Answer – The sun light falls on her body, and invigorates it, just as the way it provides life and succor to other forms of life on earth. The body draws its sustenance from it to blossom to its prime.
3. What do you think, is the meaning of the line “and your mouth that has the smile of the water”?
Answer – Clearly, the poet is besotted with the young damsel on the beach. Her eyes and mouth appear to be divinely beautiful, irresistibly sensuous, and extremely seductive. This great admiration for her face makes the poet to think that her eyes and mouth are playful, fluid, and bristling with life. He likens them to the flowing water that dances down a slope exhibiting its beauty.
4. Why does the poet call the girl’s hair “a black yearning sun”? What figure of speech is used her?
Answer – The girl’s black hair dazzle because the sun is inside it. The glowing black hair adds a sensuous charm to her that seems to yearn for a lover. The Figure of Speech used here is Hyperbole.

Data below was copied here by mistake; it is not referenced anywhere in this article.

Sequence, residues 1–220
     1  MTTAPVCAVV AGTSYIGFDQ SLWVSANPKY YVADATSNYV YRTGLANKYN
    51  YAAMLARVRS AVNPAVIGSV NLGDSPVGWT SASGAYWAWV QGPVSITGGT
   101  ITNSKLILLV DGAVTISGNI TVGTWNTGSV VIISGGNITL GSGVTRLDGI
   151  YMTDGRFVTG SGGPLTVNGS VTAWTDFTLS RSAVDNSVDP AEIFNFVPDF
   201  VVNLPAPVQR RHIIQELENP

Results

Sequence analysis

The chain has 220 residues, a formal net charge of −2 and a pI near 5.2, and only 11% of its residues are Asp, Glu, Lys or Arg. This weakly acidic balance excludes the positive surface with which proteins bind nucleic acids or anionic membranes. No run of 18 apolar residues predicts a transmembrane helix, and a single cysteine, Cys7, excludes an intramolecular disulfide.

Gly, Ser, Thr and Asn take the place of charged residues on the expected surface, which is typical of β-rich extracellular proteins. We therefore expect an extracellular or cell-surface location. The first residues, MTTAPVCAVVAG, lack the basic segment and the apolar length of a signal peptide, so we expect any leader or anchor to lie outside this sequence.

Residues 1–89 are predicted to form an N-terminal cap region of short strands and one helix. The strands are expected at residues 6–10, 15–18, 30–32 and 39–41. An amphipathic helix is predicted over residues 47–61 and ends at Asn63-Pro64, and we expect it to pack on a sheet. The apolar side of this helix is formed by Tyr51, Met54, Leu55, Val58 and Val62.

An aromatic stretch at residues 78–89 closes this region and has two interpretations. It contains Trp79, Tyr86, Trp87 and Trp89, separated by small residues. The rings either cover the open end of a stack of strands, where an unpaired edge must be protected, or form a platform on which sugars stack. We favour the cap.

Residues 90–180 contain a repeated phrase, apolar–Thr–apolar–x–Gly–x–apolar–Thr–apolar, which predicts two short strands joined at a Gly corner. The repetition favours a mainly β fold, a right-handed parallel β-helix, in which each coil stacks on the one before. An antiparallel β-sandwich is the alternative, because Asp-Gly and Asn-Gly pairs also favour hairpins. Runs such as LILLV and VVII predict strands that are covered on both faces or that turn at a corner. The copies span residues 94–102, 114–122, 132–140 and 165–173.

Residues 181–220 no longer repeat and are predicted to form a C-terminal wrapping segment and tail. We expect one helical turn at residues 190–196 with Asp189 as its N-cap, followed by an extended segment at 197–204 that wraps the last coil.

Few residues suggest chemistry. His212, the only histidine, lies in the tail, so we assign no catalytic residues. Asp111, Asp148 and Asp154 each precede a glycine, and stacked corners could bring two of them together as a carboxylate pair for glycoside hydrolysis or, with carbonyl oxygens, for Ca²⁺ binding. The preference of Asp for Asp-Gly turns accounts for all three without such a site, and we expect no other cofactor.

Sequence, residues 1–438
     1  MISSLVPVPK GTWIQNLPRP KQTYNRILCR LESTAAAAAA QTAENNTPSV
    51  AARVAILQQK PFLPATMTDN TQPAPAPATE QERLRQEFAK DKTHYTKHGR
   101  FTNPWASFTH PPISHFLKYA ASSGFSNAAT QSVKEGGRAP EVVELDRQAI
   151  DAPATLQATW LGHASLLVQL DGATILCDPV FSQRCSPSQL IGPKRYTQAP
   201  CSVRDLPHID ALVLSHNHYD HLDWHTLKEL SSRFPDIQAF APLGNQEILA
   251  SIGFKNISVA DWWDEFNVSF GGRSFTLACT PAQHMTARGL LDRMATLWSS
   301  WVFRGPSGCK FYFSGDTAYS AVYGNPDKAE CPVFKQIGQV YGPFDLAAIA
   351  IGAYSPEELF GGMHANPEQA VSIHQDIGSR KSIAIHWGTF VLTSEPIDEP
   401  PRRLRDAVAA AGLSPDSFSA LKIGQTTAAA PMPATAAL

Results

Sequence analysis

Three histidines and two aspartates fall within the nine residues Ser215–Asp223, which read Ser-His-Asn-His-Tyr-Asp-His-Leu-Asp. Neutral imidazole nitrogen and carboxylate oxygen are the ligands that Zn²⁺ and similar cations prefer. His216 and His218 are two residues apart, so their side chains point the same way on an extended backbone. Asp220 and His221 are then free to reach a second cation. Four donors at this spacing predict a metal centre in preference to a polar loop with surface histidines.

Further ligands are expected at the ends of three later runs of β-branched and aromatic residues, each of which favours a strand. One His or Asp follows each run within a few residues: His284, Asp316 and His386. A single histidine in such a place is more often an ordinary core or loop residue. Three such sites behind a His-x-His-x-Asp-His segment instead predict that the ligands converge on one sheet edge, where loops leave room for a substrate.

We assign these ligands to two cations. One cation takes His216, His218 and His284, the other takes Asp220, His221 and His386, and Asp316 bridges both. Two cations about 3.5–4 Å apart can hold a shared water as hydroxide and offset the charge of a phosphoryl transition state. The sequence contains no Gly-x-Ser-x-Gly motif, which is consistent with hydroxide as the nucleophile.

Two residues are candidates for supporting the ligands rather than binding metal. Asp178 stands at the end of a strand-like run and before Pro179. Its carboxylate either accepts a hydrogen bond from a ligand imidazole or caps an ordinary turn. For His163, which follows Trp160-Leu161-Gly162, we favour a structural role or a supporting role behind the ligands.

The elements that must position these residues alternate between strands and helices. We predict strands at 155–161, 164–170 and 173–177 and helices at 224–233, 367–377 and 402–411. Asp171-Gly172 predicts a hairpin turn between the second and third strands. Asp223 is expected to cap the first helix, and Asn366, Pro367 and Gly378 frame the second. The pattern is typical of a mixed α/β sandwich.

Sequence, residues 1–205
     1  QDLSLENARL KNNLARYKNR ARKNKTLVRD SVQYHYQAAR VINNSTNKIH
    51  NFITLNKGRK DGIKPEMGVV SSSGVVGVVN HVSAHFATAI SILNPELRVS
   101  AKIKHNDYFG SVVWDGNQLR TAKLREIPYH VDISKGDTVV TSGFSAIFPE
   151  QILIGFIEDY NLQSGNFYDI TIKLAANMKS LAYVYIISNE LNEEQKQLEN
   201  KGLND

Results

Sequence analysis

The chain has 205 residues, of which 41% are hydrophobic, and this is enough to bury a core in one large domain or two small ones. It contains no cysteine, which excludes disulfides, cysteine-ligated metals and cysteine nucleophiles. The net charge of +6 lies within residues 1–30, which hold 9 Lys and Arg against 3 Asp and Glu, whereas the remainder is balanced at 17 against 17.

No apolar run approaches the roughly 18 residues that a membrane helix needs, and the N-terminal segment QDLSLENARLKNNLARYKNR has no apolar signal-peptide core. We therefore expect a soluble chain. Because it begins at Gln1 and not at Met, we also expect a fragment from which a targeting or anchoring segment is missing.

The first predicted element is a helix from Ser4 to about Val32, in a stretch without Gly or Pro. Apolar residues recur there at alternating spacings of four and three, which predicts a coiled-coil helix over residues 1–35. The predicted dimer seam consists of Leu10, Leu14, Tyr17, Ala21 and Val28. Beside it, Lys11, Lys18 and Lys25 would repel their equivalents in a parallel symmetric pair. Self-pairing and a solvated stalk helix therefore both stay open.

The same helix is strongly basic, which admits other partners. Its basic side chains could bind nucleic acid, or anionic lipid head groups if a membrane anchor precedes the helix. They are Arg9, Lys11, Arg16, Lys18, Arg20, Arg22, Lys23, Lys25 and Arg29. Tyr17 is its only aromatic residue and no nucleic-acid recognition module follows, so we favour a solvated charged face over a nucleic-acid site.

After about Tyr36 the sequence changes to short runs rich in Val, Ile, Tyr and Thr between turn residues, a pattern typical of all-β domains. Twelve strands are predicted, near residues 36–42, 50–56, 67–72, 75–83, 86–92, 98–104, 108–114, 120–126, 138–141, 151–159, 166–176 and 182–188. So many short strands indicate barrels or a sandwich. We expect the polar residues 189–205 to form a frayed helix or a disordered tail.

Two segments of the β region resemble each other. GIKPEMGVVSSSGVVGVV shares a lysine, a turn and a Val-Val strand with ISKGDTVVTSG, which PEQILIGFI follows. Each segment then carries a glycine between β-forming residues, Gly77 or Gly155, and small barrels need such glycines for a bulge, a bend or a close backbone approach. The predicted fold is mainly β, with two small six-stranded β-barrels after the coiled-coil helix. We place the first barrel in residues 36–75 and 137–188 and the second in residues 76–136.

5. What can the poet mean by “Play with the sun as with a little brook”?
Answer – The girl is gamboling with no restraint. She moves her limbs with superb grace and fluidity. Since, the sun seems to have suffused in her body, when she moves energetically, it looks like a brook flowing down with rare energy and charm.
6. What draws the poet away from the girl?
Answer – Her uninhibited movements, and extreme playfulness are not to the liking of the poet. He thinks, any liaison with her might bring embarrassment and ridicule to him. So, he feels repelled fro her.
7. What purpose does the image of the bee serve in stanza 3 of the poem?